• Anonymous

        Of course – IF sensory input is the only tool used.  However, as an adjunct to other, more impersonal but scientifically precise forms of assessment, it can be both useful and therapeutic. 

  • David Mittman

    The question itself is a silly one. Someone comes in for a refill on their  Prozac that they take for mild OCD, no a PE is not needed. Someone comes in who has not been examined in a year or two, yes-take a look. What if you notice bruising in various areas? What about suspicious lesions? Hernia? Anal rash? Tinea on their back? Let alone hypertension, abnormal eye grounds, breast masses and so much more. The exam is a time to touch, to answer questions, to ask questions, to bring up things. 
    I think “laying of the hands” is a bonding between clinician and patient. 
    But hey, I am only a PA. The Ivory Tower people seem to feel this is all “hocus pocus”. 

  • r

    Personally, hocus pocus to me is more like not examining patients. I would say…each time, take it like a new visit. Just last month I caught 2 pts with Afib. When I again asked about palpitations, I opened a pandora box. Dont worry about these ‘social media authority’ you listen to. Do what is right …examine your patients. Applied what you’ve have learned during your training, that’s all!
    Dr. A

  • Anonymous

    I believe that the art of diagnosis through touch is still very crucial in today’s modern medicine. Because we have created the car doesn’t mean we should get rid of all bicycles or horses, instead we should preserve them and find new ways to utilize them for the application of affordable and efficient health care.  It is important to preserve this for various reasons. One of these reasons is this; in a scenario where a health facility is stranded by the inability to purchase advanced  equipment to help doctors diagnose and treat patients, the loss of this art becomes detrimental; and In this case it is most valuable for accurate diagnosis and therapeutic medicine. The value of his art, knowledge and expertise, should not be regarded with the same contempt as an outdated tool, but as a form of medicine that compliments the medical technologies we are fortunate to have at our disposal.

  • Anonymous

    It wasn’t until (after nearly a year of visits) a doctor actually touched my spine, and I nearly went
    through the roof with the pain the light touch caused, that I realised
    how not okay my spine was. To me my back/spine felt “tired” and a bit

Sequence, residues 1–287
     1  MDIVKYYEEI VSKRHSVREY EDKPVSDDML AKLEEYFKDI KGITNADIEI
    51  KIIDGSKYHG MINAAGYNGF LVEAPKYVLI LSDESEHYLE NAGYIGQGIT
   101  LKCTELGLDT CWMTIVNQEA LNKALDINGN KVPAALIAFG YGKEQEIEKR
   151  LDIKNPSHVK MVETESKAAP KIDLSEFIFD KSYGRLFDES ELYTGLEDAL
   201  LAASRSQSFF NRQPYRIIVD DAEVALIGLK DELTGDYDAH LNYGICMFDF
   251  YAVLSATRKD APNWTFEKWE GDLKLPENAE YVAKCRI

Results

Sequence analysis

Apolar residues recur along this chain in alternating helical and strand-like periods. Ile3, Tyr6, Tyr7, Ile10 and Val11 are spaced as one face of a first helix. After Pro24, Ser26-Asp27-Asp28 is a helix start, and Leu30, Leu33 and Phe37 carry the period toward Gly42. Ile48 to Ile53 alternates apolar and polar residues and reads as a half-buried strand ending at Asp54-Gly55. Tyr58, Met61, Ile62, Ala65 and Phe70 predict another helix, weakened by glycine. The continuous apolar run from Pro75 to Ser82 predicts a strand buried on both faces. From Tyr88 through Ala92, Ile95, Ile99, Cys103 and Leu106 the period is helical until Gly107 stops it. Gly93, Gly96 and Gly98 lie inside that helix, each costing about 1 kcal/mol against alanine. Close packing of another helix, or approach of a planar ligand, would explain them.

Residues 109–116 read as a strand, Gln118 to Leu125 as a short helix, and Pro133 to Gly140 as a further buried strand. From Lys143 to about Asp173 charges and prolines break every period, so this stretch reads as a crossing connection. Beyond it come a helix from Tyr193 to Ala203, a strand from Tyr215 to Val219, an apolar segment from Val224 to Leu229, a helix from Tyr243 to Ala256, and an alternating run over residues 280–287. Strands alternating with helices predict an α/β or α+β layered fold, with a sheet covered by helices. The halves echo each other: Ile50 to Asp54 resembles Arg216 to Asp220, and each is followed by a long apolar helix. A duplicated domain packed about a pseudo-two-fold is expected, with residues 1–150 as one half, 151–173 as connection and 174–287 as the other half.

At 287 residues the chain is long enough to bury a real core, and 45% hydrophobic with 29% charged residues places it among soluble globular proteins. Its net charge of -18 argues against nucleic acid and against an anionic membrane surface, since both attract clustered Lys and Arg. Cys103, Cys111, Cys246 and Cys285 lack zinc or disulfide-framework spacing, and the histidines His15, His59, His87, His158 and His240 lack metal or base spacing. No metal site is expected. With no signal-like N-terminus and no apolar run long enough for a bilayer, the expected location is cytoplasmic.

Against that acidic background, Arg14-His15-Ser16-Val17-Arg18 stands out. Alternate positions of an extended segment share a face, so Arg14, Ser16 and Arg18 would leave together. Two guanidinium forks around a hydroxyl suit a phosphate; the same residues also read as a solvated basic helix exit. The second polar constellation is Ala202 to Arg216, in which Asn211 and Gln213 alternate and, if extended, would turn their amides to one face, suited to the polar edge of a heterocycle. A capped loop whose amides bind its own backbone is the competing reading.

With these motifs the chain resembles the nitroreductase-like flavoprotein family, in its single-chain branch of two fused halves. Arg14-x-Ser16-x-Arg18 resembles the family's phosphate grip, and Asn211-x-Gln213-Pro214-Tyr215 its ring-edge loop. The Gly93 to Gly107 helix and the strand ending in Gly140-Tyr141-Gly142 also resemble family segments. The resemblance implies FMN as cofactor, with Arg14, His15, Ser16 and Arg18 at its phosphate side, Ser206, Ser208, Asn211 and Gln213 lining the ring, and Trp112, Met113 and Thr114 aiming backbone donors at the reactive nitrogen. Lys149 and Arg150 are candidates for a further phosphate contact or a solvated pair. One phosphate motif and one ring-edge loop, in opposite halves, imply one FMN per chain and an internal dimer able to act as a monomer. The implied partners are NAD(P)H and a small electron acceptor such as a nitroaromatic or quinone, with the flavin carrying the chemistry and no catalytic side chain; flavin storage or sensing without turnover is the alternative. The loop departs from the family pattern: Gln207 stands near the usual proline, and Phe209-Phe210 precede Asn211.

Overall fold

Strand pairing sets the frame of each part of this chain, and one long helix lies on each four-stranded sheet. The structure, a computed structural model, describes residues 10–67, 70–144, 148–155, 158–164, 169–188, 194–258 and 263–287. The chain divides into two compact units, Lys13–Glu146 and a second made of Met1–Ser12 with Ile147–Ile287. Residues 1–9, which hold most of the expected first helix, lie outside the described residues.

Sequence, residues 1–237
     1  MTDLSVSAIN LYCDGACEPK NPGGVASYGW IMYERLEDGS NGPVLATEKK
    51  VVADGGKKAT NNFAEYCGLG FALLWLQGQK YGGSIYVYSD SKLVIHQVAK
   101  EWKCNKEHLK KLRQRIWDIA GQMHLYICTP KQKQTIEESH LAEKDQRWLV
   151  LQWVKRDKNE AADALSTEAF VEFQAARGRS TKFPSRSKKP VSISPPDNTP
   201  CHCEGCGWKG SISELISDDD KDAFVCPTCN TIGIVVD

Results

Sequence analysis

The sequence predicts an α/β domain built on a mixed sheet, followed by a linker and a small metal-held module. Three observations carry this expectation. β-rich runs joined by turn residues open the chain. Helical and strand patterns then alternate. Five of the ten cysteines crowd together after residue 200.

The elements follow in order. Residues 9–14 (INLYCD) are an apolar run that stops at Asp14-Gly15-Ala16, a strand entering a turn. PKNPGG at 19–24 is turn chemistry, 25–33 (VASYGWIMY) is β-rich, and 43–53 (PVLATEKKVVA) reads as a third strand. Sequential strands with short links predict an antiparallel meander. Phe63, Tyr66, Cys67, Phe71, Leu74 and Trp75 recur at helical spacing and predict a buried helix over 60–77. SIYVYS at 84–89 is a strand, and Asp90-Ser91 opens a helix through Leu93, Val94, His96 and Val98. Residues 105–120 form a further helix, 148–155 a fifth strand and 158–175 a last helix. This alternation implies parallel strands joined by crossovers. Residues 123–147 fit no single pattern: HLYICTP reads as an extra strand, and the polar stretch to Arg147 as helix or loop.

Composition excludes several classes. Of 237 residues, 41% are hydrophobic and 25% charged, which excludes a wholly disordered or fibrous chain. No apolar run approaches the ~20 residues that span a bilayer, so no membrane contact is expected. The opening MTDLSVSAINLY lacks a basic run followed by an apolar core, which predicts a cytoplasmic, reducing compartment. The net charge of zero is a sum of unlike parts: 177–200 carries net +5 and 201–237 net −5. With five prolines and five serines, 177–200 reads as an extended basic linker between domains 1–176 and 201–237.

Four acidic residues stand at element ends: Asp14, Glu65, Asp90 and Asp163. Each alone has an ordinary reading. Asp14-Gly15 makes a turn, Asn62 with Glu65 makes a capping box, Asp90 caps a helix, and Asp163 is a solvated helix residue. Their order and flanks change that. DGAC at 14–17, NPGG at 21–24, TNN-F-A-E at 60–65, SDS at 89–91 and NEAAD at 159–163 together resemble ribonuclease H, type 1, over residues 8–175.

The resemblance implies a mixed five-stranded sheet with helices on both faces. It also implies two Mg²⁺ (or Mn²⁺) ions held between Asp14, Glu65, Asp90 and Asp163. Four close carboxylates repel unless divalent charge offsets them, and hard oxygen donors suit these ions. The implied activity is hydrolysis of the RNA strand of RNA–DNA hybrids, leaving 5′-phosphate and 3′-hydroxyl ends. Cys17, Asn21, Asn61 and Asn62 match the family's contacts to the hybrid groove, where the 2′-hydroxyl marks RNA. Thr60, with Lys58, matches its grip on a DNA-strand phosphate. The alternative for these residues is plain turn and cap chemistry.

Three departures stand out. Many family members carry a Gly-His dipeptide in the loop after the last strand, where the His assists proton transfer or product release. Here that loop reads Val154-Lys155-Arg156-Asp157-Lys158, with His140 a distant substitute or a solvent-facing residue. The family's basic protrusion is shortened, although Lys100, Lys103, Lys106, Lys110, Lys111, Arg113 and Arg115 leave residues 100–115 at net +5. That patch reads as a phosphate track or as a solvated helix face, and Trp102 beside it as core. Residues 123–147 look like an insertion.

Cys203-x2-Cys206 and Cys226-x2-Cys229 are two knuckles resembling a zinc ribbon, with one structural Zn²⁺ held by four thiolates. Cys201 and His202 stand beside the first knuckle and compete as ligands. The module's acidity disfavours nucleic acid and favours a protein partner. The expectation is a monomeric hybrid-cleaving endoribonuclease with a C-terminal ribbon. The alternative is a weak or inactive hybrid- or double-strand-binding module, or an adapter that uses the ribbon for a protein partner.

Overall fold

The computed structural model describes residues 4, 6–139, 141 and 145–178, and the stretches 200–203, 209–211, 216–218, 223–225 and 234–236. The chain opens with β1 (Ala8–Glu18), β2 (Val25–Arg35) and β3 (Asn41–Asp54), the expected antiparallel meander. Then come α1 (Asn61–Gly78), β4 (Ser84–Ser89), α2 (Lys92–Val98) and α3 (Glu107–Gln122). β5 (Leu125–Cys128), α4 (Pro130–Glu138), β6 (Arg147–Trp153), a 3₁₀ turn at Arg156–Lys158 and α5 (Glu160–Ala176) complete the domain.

achy but nothing really to mention to my doctor as the more acute and
    intense pain was elsewhere. That physical check incorporating touch
    generated a whole new diagnosis and a relatively simple treatment plan
    which made an incredible difference to my general “tired” lethargic
    body. Not every visit needs a physical examination but certainly more often than it seems to be. You will always get someone who is not above board but on the whole the vast majority of doctors are responsible and likewise it is probably only the odd patient who has an alternative agenda, however, a nurse can always be called in to attend as an observer of technique as
    an extra precaution for both doctor and patient if required.

  • Dr Joe

    Examination is a key part of medicine.However in some instances(depending on the symptoms or reason for visit) it may be unnecessary. That said it is part of the art of medicine to always do some form of examination even if there is no need.

  • jaysrin

    America has always been about technology and innovation – a quality that has been admired around the world and which has worked great – the world has been the better for it in many ways because of the countless innovations, particularly in medical devices. At the same time, one needs to acknowledge that extreme techno-centrism, especially in healthcare, has taken us away from the human element. I disagree with Dr. Bryan Vartabedian who finds great enthusiasm in technology to the exclusion of the emotional, the  physiological, and the tactile aspects of care. What a tragedy.
    In India, we have now been experiencing a boom in so-called full body diagnostics  for the past 10-odd years that come in various guises – Master Health Check, Mini Health Check, etc. Hospitals and diagnostic centers market this, employers demand it, and executives embrace it. They range from full packages to specific tests for conditions such as cardio and diabetes. What has been the outcome? Increasingly, doctors are puzzled by two types of discoveries: “symptom-less conditions” where the several tests reveal nothing, but the patient is in distress; and “condition-less symptoms” where a person is obviously fit and healthy but the diagnostics – CT scans or special lab tests – indicate all kinds of problems. If the former is bothersome, the latter brings in its wake a challenge to the attending physician to solve the puzzle, with endless further tests that finally beat the poor “patient” into submission – weak and frail from unhealthy doses of radiation and medication for unproven maladies and the resulting very high out-of-pocket costs. Anyone who doubts this only has to spend some time in a major hospital in the country and discover this for themselves.